Which is the basis of the Laffer curve. Everyone agrees there's a curve. Reasonable people can argue over where the "sweet spot" is, but that top rate has been as high as 94% IN THIS COUNTRY (1944). In 1932 it jumped from 25% to 63% (what happened in 1932? Why did the depression last longer than any other recession? What role did the high tax rates sold as the solution play in perpetuating the problem?)

The top tax rate was never below 70% from 1936 to 1980 (What happened in 1980? When people tell you taxes were higher under Reagan than they were under Clinton, what historical context is used? "None" is the answer to that.)

But going to the cut from the debate I included the link to above, in each instance, when the capital gains tax rate was dropped, revenues increased. So apparently 15% isn't too low. And increasing it back to 20% or 28% conversely would move revenue down on the curve. Obama did not disagree with this, then turned around and said we needed to "invest" in things (that cost revenue) and used that to justify raising the capital gains tax rate, because it's "fair". What kind of sense does that make?

Never mind that it's counterproductive. But the purpose of taxes isn't "fairness" -- it's to fund government. And how we do that can be fair, or it can be unfair. And our government was instituted for very specific purposes, not to be an ever-expanding social behemoth. In addition to that, raising rates on one group of people isn't "fair", it's the opposite of "fair". Fair would be "flat" (yes, another oversimplification because I, like my Fair Tax proponent friends, acknowledge that people need a minimum amount to feed and clothe and house themselves -- however, I could still argue against not taxing them at all. If we all know how much we're getting taxed, we will plan accordingly, and so will our employers -- who, after all, are buying our services.)

But otherwise, if "flat" isn't "fair", what *is* fair and who gets to decide that? Nobody in the tax-raising business will *ever* say how much is fair. What's "fair" to them is what they want today, but don't get comfortable, we'll be back tomorrow when we want more.

As to job creators being the "only" economic generators, not even the most serious of the conservative writers on the subject (Hayek, et. al.) argue that. They do argue that the private sector, under free-market conditions, is the most effective economic generator from an efficiency standpoint and from a diversity of product standpoint. More needs and wants are satisfied and more wealth is created under an unplanned, citizen-driven free market system than under government-planned public sector systems. That is shown again and again and again.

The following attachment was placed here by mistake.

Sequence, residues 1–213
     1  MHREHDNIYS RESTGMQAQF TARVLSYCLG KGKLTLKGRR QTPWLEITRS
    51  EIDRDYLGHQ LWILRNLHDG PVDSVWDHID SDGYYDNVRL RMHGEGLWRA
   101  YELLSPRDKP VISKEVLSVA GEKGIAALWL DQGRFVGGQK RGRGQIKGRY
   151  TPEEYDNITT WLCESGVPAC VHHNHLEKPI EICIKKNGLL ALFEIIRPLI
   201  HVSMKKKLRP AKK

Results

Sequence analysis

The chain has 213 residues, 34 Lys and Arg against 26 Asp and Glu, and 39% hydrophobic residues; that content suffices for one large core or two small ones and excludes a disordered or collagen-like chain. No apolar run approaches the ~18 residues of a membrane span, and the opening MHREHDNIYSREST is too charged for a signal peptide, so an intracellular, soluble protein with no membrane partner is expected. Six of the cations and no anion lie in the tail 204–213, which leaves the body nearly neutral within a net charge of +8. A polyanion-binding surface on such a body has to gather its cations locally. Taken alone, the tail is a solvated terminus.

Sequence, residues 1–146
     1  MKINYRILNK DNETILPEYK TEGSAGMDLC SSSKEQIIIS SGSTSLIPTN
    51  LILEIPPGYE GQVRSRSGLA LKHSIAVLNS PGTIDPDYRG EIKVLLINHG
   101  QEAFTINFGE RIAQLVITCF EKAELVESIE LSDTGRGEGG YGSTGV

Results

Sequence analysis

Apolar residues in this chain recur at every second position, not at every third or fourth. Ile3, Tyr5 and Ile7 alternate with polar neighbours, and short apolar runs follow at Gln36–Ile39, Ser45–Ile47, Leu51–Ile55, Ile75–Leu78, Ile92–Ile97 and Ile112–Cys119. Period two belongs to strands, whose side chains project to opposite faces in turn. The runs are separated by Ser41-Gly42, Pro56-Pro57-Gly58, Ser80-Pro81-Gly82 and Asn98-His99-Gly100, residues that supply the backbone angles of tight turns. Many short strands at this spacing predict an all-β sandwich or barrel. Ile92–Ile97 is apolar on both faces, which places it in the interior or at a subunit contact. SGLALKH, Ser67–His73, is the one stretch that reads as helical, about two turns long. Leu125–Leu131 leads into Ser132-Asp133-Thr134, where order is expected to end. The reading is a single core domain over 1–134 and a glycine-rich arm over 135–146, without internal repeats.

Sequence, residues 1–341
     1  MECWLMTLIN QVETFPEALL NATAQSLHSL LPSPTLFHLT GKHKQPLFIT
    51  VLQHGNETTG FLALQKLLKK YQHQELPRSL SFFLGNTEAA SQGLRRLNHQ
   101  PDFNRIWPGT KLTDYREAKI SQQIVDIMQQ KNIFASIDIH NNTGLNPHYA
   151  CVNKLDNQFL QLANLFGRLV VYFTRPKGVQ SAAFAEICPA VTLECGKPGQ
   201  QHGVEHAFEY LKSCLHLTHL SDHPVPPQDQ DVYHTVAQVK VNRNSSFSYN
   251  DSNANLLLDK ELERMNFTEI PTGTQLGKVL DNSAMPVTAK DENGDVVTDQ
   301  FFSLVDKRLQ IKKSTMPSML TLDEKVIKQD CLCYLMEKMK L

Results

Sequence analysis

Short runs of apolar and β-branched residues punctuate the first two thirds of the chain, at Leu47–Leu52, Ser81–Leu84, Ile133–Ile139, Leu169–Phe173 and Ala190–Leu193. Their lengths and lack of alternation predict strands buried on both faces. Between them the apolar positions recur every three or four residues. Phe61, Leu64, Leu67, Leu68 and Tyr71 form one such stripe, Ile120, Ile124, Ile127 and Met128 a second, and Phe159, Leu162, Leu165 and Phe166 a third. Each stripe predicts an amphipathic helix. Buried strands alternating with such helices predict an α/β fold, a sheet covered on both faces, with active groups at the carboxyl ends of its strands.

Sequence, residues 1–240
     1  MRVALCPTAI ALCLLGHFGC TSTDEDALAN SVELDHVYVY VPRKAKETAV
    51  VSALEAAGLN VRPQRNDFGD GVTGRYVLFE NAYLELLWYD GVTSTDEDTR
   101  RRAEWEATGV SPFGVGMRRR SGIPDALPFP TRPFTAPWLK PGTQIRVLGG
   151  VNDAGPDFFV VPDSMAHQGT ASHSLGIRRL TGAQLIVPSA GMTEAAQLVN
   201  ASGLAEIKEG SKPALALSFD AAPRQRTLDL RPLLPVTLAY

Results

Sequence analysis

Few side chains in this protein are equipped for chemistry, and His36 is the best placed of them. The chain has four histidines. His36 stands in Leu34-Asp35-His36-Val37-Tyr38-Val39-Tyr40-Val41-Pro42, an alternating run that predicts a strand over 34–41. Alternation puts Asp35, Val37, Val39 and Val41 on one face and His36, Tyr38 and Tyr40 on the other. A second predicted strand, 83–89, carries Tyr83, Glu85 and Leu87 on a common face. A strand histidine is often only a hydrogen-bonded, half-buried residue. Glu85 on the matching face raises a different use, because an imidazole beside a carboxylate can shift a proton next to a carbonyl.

And not only is it the most effective, it's also the most moral. Nobody has a right to force another to do something for him. If health care is a right, then someone *must* provide it. Ergo, health care is not a right. Further, if someone *must* provide it, the terms *must* be dictated by a third party. But in a free market system, there are those who need health care and those who provide it, and they agree on the terms between themselves (although the attitude that iinsurance = a prepaid health plan has gotten in the way of this) to the mutual benefit of each ... and no, "benefit" is not always monetary. Charity is a personal thing. Forced charity isn't charity at all. And real charity happens all the time. It used to happen more before the government started on its quest to monopolize it.

And we've gone broke doing it.

No amount of tax-raising on the rich will even put a dent in that. 

Only economic prosperity can pull us out of it. And economic prosperity is NOT driven by the public sector.

1 comment:

Whitehawk said...

"And the kicker for the government is that the REVENUE ... GOES .... DOWN .... (Which Obama admitted during the 2008 debates, but he basically said he didn't care. ) so now there's even less government money to help the people who are now out of work."

The Liberal version of trickle down economics.